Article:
The Many Downsides of Fat Joe's 'Darkside Vol. 2'

[caption id="attachment_17655" align="alignleft" width="640" caption="Fat Joe at MTV's Total Request Live in New York City, March 2008. Photo: Scott Gries/Getty Images"][/caption]

Fat Joe released The Darkside Vol. 2, his first mixtape in three years, today. It's the  followup to 2010's studio effort The Darkside Vol. 1, and like the original Darkside, Joe forgoes the pop chemistry of his biggest singles and packages a top-to-bottom street album padded with gritty, cracked-out anthems. The combination of brass sections, organ stabs and guitar riffs creates some powerful energy here, but that energy ultimately dwindles due to sub-standard rapping.

You get that sense right at the opening track, "Welcome to the Darkside," where an epic chorus sample and almost-psychotic snare drum meet French Montana's unenthusiastic moaning of the opening hook. The beat stutters repeatedly as Joe squeezes in weak punchline after weak punchline about cooking in kitchens, flipping eighths and making it rain (still?). On “Fuck Them Other N***as,” Fat Joe does his best Teflon Don impression over a poor man’s J.U.S.T.I.C.E. League beat, his voice too sharp to ever successfully mimic Rick Ross’ guttural flow. Even the guest spots are disappointing. Jadakiss gifts a solid verse on “Dopeman," but Raekwon uses his mic time on “Pushing Keys” to talk completely unproductive, nonsensical smack.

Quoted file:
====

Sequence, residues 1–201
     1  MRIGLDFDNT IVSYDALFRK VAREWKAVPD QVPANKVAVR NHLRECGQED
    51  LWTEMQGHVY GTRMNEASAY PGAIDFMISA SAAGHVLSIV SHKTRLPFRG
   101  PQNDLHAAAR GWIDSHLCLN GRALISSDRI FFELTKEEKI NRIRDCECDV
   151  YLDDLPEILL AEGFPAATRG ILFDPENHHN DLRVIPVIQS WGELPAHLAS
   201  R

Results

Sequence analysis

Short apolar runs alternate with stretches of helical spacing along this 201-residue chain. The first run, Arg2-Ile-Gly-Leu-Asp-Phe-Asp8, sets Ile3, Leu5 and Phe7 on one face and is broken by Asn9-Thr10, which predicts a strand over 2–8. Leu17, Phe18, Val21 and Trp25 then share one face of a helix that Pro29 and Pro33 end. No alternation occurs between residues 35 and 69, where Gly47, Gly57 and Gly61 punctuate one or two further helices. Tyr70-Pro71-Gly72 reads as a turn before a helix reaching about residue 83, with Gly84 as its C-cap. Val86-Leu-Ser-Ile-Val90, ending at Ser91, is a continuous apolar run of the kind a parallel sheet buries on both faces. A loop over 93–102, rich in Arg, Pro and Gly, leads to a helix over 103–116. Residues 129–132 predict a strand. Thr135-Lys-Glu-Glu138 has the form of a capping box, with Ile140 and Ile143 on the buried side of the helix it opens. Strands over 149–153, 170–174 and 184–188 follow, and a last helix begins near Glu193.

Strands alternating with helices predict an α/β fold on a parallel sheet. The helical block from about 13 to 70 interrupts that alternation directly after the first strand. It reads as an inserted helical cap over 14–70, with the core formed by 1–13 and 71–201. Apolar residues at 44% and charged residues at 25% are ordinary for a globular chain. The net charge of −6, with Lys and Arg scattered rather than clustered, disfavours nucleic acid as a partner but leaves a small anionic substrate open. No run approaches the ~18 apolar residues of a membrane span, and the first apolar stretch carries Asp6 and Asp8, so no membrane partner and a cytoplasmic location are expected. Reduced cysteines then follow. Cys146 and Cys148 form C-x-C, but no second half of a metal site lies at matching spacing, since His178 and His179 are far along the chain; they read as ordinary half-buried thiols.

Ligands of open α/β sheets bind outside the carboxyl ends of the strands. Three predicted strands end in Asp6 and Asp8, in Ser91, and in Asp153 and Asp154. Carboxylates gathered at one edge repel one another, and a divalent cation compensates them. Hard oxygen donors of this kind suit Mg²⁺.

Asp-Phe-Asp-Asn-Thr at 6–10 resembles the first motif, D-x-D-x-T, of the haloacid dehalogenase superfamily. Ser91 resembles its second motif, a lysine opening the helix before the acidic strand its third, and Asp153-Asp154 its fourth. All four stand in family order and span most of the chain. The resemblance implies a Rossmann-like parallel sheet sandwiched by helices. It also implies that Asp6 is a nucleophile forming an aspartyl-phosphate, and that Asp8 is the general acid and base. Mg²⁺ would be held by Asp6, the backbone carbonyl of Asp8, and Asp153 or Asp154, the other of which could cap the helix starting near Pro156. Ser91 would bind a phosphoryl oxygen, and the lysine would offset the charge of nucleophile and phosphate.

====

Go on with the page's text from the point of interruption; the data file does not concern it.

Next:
To make matters worse, The Darkside Vol. 2 metaphorically frames Fat Joe’s career as that of a drug dealer facing retirement. He’s conquered his niche, made a ton of money and can rest comfortably on his reputation -- the only question left now is whether Joe is hooked on the game or can enter retirement gracefully. That actually puts him in the Brett Favre stage of his career: no progression in skill but a willingness to keep giving it that one last go, for better or worse. [Download The Darkside Vol. 2 here.]